Date: 
Wednesday, September 28, 2005 
Speaker: 
Prof. James Lightner
Department of Matheamtics & Computer Science
McDaniel College
jlightne@mcdaniel.edu

Title: 
Remembering Howard Eves

Abstract: 
Meet Howard Eves, geometer, algebraist, analyst, and one of the
foremost American historians of mathematics of the twentieth century.
You'll see him via pictures, hear him via several tapes and videoclips,
and learn more about his remarkable life and contributions to
mathematics, often in his own words, taken from some of his prodigious
publications. Some personal reflections on the man will also round out
the presentation.


Date: 
Wednesday, November 2, 2005 
Speaker: 
Prof. David Richeson
Department of Mathematics & Computer Science
Dickinson College
richesod@dickinson.edu

Title: 
Euler's polyhedral formula

Abstract: 
A polyhedron with F faces, E edges, and V vertices
satisfies the relation FE+V=2. This relationship was first noticed by
Euler in 1750 (and a modified version was known to Descartes in 1630).
Euler's proof turned out to be flawed. From 1750 to 1850
mathematicians tried to come to grips with this formula. Legendre,
Cauchy, Staudt, and others presented new proofs and generalizations.
Meahwhile, Lhuilier, Hessel, and Poinsot unveiled exotic
"counterexamples." In this talk we present the history of this beloved
formula up to 1850, while it was still a theorem about polyhedra and
before it became a topological theorem.


Date: 
Wednesday, December 7, 2005 
Speaker: 
Prof. Amy AckerbergHastings
Department of History
University of Maryland University College
aackerbe@erols.com

Title: 
John Playfair: The Mathematics of Correspondence

Abstract: 
I am currently preparing the letters of John Playfair (17481819) for
publication in the History of Earth Sciences Series of Scholars'
Facsimiles & Reprints. While Playfair is bestknown among historians
of science for his efforts to gain acceptance for James Hutton's
geology in Enlightenment and Romantic Scotland, several of his
contributions are of interest to mathematicians as well, including:
his influential 1795 edition of Euclid's Elements of Geometry, his
papers on negative numbers and on porisms, his formal and informal
teaching activities as professor of mathematics at Edinburgh
University, his enthusiasm for French mathematics, and his interest
in mathematical instruments. The talk will describe some of the
evidence for these activities that can be found in the surviving
letters to and from Playfair and will report on the process of
locating, transcribing, and editing historical correspondence.


Date: 
Wednesday, February 1, 2006 
Speaker: 
Prof. Sandro Caparrini
Department of History of Mathematics
The Dibner Institute
caparrini@libero.it

Title: 
The discovery of the vector properties of moments and angular velocity

Abstract: 
As a consequence of the new understanding of the general dynamics
of rigid bodies induced by the researches of Euler and d'Alembert,
between 1759 and 1826 several mathematicians discovered the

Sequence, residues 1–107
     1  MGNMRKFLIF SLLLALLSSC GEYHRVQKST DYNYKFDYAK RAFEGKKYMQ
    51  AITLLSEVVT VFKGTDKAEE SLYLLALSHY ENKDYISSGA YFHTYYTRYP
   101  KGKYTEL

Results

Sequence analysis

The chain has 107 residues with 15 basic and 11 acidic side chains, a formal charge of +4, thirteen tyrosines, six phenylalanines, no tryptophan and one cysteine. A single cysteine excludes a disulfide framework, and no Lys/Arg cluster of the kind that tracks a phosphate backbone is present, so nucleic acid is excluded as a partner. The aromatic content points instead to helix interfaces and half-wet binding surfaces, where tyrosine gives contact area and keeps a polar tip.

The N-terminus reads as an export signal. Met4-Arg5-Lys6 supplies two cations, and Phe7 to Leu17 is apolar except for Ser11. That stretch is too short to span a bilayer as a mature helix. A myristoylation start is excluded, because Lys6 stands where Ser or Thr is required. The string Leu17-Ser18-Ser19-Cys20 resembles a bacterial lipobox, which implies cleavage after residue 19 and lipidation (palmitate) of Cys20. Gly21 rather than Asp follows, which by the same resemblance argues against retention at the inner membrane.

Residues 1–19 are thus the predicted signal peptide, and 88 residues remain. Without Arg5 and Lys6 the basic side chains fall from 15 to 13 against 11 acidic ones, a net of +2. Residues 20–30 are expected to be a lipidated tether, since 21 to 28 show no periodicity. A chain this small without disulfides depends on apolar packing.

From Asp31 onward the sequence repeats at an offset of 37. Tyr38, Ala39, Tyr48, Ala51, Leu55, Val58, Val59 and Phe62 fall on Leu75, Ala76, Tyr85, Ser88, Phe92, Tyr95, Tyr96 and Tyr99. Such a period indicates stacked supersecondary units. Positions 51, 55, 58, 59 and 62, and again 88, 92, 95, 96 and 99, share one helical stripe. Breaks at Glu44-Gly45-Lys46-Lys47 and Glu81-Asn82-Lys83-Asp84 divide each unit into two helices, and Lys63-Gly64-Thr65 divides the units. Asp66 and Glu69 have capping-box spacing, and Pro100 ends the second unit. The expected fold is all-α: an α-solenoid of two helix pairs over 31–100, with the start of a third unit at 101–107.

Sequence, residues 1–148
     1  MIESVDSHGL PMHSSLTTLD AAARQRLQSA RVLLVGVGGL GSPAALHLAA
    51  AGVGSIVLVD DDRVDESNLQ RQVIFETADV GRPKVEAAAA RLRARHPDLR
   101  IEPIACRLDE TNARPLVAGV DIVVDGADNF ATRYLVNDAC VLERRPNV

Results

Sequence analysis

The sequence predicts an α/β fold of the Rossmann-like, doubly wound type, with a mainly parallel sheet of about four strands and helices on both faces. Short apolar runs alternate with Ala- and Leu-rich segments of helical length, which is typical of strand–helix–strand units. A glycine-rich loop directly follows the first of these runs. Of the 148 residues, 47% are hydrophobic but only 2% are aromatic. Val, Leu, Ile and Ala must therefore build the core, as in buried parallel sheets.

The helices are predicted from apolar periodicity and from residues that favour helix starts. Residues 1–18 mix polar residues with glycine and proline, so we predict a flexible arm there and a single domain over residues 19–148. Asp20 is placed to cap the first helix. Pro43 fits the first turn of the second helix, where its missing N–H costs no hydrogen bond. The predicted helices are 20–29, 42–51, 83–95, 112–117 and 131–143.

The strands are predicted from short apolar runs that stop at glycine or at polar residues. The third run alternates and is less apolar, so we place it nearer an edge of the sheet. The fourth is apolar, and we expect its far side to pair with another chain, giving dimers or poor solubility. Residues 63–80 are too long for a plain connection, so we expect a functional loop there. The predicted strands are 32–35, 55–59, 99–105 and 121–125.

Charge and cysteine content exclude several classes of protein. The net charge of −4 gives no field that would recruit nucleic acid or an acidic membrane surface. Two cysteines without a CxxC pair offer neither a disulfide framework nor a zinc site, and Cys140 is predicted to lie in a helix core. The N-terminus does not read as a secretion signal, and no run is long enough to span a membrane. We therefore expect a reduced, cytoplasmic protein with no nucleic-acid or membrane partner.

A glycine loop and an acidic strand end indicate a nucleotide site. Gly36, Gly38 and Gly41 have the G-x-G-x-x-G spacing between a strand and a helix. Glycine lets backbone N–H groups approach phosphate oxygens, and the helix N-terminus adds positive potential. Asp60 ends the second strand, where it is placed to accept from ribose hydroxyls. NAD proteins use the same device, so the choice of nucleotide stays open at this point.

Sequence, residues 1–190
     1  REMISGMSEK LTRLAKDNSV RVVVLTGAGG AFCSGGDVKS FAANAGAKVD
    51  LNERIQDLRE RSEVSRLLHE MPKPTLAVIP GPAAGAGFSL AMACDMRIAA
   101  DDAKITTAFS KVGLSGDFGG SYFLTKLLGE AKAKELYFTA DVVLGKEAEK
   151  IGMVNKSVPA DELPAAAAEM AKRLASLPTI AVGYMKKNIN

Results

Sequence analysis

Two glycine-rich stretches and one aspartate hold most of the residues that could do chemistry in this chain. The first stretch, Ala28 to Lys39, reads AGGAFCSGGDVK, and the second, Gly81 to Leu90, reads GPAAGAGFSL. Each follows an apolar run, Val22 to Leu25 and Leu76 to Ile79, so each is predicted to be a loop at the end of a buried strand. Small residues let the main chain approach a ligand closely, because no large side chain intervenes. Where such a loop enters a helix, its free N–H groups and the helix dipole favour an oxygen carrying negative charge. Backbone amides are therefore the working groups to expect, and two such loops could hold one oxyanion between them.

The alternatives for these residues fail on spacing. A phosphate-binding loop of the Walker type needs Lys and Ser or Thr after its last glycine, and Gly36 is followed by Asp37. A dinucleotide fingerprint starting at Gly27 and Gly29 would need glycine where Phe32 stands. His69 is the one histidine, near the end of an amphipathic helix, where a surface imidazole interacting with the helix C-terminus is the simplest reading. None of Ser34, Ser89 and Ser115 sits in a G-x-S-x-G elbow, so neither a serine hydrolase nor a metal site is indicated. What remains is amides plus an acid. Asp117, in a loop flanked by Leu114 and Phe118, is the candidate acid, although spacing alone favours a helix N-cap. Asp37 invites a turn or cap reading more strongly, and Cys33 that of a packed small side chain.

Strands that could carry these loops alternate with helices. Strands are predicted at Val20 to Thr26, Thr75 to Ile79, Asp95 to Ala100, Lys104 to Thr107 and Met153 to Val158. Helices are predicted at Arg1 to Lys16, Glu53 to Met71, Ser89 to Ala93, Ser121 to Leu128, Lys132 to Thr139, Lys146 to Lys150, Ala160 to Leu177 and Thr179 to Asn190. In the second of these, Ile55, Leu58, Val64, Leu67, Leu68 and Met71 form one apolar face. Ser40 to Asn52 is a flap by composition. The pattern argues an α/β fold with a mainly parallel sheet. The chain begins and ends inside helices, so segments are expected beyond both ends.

vectorial properties of moments of vector quantities and angular
velocity. Among those who investigated these matters are some of
the leading mathematicians of the period: Euler, Lagrange, Laplace,
Poinsot, Poisson and Cauchy. The detailed development of their
results gave rise to the establishment of vector mechanics at the
middle of nineteenth century. The study of the different threads
that make up this story yields new insights into the relationship
between mechanics and geometry.


Date: 
Wednesday, March 1, 2006 
Speaker: 
Prof. Alexander Jones
School of Historical Studies  Institute for Advanced Study
Department of Classics  University of Toronto
alexander.jones@utoronto.ca

Title: 
Locus theorems in ancient Greek geometry

Abstract: 
During the third century B.C. Greek mathematicians (including Euclid and
Apollonius) took a particular interest in locus theorems and their
applications in problem solving. A Greek locus theorem demonstrated that
a geometrical object (typically a point) having a defined relation to
given objects lies on a geometrical object (typically a line or surface)
that can be constructed from the givens. A classification was devised of
locus theorems, and construction problems in general, according to
whether they could be solved using only the postulates in Euclid's
Elements, i.e. straight lines and circles, or required conic sections or
special curves. An interesting question is whether anyone in antiquity
broke from this rigid conception of loci by defining a curve or surface
as a locus.


Date: 
Wednesday, April 5, 2006 
Speaker: 
Prof. Brian Hopkins
Department of Mathematics and Physics
St. Peter's College
bhopkins@spc.edu

Title: 
Königsberg: What Euler did and did not do

Abstract: 
Euler's 1735 work on the bridges of Königsberg is recognized as the
beginning of graph theory and is referenced in almost every discrete
mathematics textbook. Several show a picture of four dots and seven
lines and outline Euler's proof of the impossibility of what we now call
an Euler cycle. But the illustrations in Euler's paper show rivers and
bridges; the "dot & line" representation of graphs seems not to have
arisen until the 1890's. In this talk, we work through how Euler
actually addressed the problem, in addition to considering
correspondence leading up to the article and later work associated with
cycles on graphs.


Date: 
Wednesday, May 3, 2006 
Speaker: 
Prof. Harry Coonce
Department of Mathematics
North Dakota State University
harry.coonce@ndsu.nodak.edu

Title:

Tales from the Genealogy Project

Abstract: 
In or around 1995 we asked a question regarding who advised my advisor.
In this talk we will discuss how this query led to the Mathematics
Genealogy Project. We will present a look at the history of the project,
including how it was started and how it has developed over the last
decade. We will also relate some of the amusing  and not so
amusing  incidents along the way.